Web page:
WHAT IS AN ALTERNATING PROPRIETORSHIP?
An "alternating proprietorship" is a term used to describe an arrangement in which two or more people take turns using the physical premises of a brewery.
Generally, the proprietor of an existing brewery, the "host brewery," agrees to rent space and equipment to a new "tenant brewer." Alternating brewery proprietorships allow existing breweries to use excess capacity and give new entrants to the beer business an opportunity to begin on a small scale, without investing in premises and equipment.
The tenant qualifies as a brewer by filing the appropriate documents with TTB. The tenant brewer:
- Produces beer
- Keeps appropriate brewery records
- Labels the beer with its own name and address
- Obtains the necessary COLAs
- Pays tax at the appropriate rate upon removal of its beer from the brewery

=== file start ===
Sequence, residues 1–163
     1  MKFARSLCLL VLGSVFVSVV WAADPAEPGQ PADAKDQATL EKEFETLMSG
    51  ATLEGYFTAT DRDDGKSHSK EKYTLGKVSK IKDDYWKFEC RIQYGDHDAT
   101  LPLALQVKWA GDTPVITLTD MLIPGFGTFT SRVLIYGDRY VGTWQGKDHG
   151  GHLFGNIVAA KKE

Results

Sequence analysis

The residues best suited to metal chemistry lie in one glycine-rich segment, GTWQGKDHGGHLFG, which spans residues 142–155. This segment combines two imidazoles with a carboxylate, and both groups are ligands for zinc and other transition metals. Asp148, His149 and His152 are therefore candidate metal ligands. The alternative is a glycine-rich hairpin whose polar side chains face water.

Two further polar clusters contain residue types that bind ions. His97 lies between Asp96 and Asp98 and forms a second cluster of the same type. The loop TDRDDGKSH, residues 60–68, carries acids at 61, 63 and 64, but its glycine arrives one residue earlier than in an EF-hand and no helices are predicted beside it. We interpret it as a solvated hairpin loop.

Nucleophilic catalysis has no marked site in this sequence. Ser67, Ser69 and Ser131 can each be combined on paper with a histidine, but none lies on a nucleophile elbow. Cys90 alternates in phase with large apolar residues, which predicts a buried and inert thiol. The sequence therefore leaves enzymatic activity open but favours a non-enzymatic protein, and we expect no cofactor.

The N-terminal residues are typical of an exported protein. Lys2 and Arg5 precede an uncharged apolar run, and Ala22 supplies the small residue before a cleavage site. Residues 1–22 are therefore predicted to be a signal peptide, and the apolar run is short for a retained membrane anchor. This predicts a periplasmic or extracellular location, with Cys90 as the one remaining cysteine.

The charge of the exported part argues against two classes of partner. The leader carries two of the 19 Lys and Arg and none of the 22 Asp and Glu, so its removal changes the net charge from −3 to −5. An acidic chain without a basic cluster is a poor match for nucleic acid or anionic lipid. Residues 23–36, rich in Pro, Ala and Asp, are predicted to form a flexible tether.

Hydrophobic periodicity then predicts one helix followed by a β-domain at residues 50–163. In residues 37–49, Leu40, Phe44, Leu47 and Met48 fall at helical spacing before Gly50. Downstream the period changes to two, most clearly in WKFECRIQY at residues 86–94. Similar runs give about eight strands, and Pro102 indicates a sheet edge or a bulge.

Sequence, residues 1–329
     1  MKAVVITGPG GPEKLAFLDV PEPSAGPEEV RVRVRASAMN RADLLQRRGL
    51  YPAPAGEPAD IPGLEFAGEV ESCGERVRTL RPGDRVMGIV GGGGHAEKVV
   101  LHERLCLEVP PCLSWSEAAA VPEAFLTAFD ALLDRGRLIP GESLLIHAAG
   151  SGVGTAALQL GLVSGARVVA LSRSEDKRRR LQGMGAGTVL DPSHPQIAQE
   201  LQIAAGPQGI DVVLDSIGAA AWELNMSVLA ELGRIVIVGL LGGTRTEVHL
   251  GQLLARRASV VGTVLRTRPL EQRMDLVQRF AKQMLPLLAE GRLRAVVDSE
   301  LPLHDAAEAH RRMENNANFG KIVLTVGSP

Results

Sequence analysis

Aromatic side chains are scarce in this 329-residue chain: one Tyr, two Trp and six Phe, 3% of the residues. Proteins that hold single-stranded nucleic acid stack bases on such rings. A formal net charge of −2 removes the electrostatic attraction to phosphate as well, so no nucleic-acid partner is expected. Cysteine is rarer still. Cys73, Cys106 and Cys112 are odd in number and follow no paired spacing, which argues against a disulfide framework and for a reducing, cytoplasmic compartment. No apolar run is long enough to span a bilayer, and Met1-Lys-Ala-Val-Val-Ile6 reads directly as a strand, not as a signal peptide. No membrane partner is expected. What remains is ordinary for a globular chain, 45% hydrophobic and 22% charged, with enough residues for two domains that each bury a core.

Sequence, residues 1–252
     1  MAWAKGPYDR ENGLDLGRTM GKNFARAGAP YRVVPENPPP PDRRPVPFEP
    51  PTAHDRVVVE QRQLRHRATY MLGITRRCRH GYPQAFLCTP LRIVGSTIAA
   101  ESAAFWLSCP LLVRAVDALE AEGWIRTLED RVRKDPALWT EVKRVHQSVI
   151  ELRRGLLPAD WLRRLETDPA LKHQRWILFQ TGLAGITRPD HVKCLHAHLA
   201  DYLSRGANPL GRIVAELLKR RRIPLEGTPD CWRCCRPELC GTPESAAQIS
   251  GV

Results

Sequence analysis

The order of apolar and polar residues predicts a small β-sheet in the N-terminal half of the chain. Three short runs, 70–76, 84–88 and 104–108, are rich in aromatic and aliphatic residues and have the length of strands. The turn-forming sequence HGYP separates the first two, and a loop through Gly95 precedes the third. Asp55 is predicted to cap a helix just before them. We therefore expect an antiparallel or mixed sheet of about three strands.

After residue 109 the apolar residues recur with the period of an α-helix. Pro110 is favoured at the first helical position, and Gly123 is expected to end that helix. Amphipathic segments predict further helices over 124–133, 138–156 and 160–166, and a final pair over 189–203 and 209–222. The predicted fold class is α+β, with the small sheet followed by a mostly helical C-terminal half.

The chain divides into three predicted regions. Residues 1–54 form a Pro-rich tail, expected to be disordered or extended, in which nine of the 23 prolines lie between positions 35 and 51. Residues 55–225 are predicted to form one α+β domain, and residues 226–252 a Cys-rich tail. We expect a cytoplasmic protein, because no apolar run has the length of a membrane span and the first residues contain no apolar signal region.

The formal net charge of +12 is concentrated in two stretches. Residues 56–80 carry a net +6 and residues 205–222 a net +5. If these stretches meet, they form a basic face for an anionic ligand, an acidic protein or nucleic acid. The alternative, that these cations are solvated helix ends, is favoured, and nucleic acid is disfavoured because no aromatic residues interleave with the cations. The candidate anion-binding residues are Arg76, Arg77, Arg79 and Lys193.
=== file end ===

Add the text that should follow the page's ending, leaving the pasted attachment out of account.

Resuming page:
The tenant brewer has title to the beer at all stages of the brewing process.
OPERATING AS AN ALTERNATING PROPRIETORSHIP
On August 12, 2005, TTB issued Industry Circular 2005-2 to provide guidance to brewers on how to qualify for and operate as an alternating proprietorship. This industry circular:
- Outlines what documents must be filed to qualify as a brewery alternating proprietor by both parties
- Provides guidelines for the operation of brewery alternating proprietorships by both the host and tenant breweries
- Describes the information used by TTB officials to make determinations regarding approval of alternating proprietorship arrangements
If you were approved to operate as an alternating proprietor prior to August 12, 2005, please read more on the Alternate Proprietors at Brewery Premises Deadline.
HOW TO APPLY
Both the tenant and host brewer must submit a series of forms and documentation to the National Revenue Center in order to qualify for an alternating brewery arrangement. Please see Industry Circular 2005-2 for a complete list of application requirements.
For samples of the alternate method applications often submitted for brewery alternating proprietorships, click here.